The rotator cuff must be transected at musculotendinous junction, leaving the tendinous portion attached to the proximal humerus.  The humerus must be disarticulated at the arm and elbow levels. The humerus may be removed.

F. Procurement of the rib

Incisions must be made directly over the ribs extending from the costal margins to the posterior vertebral attachment.  Surrounding intervertebral muscles must be dissected, disarticulation at the costo-vertebral joint and the sternum must be made. The rib may be removed. 

F. Procurement of the fascia lata

Fascia lata is excised before removal of the femur as described in F.

F. Procurement of Achilles tendon

The Achilles tendon may be recovered during procurement of the tibia and the fibula (see F. together with an attached bone block from the calcaneus.

F. Procurement of the patellar tendon

The patellar tendon should be removed with a block of tibial tubercle distally and the patella proximally using the anterior incision over the knee joint and quadriceps muscles.  The soft tissues must be cleared approximately 12 cm above and below the joint line. The femur and tibia-fibula must be osteotomised. Patellar tendon may be procured during or during procurement of long bones of the lower limb (F.

F. Procurement of the menisci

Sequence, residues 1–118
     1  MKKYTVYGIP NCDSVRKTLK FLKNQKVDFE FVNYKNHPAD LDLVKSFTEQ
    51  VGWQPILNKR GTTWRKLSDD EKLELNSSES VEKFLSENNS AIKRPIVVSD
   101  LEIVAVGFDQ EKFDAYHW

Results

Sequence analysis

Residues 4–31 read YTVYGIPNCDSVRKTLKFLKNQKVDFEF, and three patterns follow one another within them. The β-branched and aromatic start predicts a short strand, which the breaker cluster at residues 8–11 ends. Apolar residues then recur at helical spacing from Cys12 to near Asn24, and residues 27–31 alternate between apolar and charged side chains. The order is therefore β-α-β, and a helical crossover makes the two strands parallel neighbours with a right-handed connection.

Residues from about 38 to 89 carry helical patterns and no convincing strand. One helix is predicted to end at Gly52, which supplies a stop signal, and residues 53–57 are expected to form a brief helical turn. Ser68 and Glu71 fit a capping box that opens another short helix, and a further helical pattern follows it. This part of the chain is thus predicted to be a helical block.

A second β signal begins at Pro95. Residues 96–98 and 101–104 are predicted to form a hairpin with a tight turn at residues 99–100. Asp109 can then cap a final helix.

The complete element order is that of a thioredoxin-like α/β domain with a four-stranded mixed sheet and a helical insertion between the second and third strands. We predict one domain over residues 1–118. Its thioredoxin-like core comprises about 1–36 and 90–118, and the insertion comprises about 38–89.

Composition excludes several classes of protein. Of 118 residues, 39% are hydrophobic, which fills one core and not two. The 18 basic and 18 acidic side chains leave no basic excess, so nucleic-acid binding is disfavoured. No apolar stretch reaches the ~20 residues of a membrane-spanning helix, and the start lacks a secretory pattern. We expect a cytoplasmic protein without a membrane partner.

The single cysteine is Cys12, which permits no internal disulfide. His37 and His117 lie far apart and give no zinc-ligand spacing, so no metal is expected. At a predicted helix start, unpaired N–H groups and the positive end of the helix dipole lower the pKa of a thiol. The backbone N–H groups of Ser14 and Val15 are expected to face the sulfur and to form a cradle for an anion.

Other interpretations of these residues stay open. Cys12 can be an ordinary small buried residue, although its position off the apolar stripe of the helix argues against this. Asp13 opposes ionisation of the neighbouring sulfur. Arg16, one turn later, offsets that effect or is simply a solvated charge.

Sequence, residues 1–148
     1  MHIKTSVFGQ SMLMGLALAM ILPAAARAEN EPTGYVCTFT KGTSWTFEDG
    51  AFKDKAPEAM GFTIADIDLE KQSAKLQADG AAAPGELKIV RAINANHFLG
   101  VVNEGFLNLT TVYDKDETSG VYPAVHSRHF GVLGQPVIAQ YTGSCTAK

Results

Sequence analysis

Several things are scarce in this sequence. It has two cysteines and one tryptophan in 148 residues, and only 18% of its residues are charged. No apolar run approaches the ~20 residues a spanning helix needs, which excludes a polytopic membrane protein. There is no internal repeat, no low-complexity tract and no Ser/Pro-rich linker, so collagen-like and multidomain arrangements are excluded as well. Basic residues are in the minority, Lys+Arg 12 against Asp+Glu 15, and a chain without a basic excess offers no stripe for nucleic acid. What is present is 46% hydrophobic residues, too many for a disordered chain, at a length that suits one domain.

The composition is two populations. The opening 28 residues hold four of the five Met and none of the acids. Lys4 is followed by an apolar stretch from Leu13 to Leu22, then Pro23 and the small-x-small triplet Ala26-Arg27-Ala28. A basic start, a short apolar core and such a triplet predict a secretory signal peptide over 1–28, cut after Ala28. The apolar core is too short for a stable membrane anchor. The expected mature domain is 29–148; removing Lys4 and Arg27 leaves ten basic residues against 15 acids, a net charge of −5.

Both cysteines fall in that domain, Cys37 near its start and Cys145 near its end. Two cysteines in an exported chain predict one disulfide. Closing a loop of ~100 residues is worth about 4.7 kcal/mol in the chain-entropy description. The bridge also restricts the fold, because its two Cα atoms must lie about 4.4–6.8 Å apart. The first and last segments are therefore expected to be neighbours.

The menisci are usually left attached to the tibia and can be procured after tibia removal from the donor.

F. Reconstruction of the donor’s body after procurement

A wooden stick or a plastic bone approximating the size of the donor bone may be used to replace the procured bone.  The split muscles should be resutured using surgical sutures followed by subcutaneous tissue and skin. The natural anatomic contours of the body must be restored.

F. Living donors

Musculoskeletal tissues can be procured from living donors.

F. Living allogenic donors
F. Femoral head donors

Patients subjected to surgical procedure of hip replacement can be considered as living donors of femoral heads. Removed bone fragment that is replaced by prosthesis can be donated.

F. Living autogenic donors

F. Cranial flap

Cranial flaps removed during neurosurgical procedures can be donated for autologus grafting when it is impossible to place the craniotomy flap due to the brain oedema.

F. Cartillage for chondrocyte culture

Cartillage fragment from the unloaded part of the knee joint cartilage may be procured during surgical procedure (e.g. knee arthroscopy)

F.2.1.3. Processing during recovery

See generic requirements in section A.4.1.4.

F.2.1.4. Quality control

See generic requirements in section A.5.1.4.

F.2.1.5. Packaging and labelling

See generic requirements in section A.4.1.5.

F. Primary packaging and labelling

Subsequently to retrieval the obtained musculoskeletal tissues are to be packaged in a way to minimize the contamination risk. Each procured tissue is to be packed separately and labelled immediately after recovery